The sight of land for the first time in a week is shocking. I have never been to American Samoa. I have Samoan friends who have told me tales.

As we pull in to the distinctly shaped island, I feel sadness. I’d love to visit Apia. 

Not only are we not allowed to disembark, the dockworkers are wearing masks. They pull us in as usual, but the sight of them out there, masked, shows me that in the past week the world has transformed. Because I am one of the spokespeople from the ship who is updating the outside world, a “celeb” of cruise ships turned away from ports, Samoans have contacted me online in fear, saying they don’t want this ship full of the virus in their port. No one believes we don’t have it on board. We don’t.

We sit at port for a day and night. Law enforcement is stationed there the entire time. We can even see them on BowCam. They are there 24 hours a day, awake, and watching for anyone that, I don’t know, tries to jump off of the ship? Seems a long dive.

During this time, Cruise Director Dan announces various informative presentations on future cruises. Yes. We are a cruise ship turned away from ports, all cruises in the world have been canceled, and yet still the cruise line is having sales events to advertise and sell future cruises. What’s more amazing? People attend these workshops. People buy cruises. Denial runs deeper than the Pacific Ocean.

I run out of things to do with my time.

I take photos of all the carpet designs on ship, which is a favorite activity of mine in places with tacky carpets. The hallways’ carpets indicate the direction of the ship, they have a school of fish design on them all swimming in the direction that the ship is going.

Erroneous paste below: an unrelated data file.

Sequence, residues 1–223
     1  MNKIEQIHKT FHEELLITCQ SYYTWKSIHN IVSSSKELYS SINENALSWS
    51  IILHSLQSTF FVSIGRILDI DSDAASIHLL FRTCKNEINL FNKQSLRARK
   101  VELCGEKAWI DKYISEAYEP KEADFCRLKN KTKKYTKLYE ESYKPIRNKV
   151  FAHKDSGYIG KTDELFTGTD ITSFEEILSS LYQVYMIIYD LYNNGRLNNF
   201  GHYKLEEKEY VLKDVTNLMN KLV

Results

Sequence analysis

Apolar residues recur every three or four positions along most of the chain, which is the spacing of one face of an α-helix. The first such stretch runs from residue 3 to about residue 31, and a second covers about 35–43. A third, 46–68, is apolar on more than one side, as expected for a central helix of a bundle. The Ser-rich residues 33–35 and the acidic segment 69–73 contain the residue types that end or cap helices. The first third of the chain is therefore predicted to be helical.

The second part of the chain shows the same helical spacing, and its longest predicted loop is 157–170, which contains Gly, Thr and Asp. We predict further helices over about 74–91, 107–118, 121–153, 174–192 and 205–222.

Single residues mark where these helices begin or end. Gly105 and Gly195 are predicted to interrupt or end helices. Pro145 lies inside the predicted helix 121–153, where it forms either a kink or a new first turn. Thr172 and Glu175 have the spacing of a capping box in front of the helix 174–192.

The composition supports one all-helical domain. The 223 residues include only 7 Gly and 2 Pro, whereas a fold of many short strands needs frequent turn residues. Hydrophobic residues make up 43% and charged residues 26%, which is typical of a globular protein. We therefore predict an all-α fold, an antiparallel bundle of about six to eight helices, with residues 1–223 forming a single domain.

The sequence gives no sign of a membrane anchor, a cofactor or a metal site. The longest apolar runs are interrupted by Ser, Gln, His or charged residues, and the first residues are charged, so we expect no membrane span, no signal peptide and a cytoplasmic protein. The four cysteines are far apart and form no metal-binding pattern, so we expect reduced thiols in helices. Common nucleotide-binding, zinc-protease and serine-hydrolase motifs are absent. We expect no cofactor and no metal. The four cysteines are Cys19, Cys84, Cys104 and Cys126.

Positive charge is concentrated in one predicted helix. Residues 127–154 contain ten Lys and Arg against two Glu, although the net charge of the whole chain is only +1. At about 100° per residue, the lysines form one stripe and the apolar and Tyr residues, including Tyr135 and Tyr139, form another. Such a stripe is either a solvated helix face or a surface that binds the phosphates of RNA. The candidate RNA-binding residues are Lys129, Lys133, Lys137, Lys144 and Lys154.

Passengers speculate on where the ship will go next. The only port that legally has to take us is the port to which the ship is flagged, which in this case is the Bahamas. This would mean a trip through the Panama Canal. Part of me wishes for it, it would be amazing. Another part of me is anxious about the time I am missing from work, and knows that if we took that trip it would take months and I wouldn’t have a job anymore.

It’s finally announced we will be heading for Honolulu, Hawaii.

I smile to myself. I do not want to go to Hawaii, however, of course a cruise ship turned away from ports will be saved by my own country, the United States of America. The ship pulls away from port. Saying goodbye to land again is easier than I thought it would be. I find myself yearning for the open ocean.

I use my ridiculously expensive internet time to peruse news. We are not the only ship heading to Honolulu. There is another ship on another line that is a few days ahead of us. This news travels quickly around the ship. Will they let them into port?

The kitchen has run out of arugula.

I’m certain there are other things we have run out of, but this is the only one I care about. I think back to Obama’s arugula gaffe with the Iowa farmers. I wonder at all the meetings that must be occurring in the “crew only” sections of the ship. How to feed 1800 people on dwindling supplies. I talk to my crew friends and they tell me that the crew food is bare bones. They don’t have enough to go around and are putting on a good front for the passengers. The fruit carving displays disappear from the dining hall.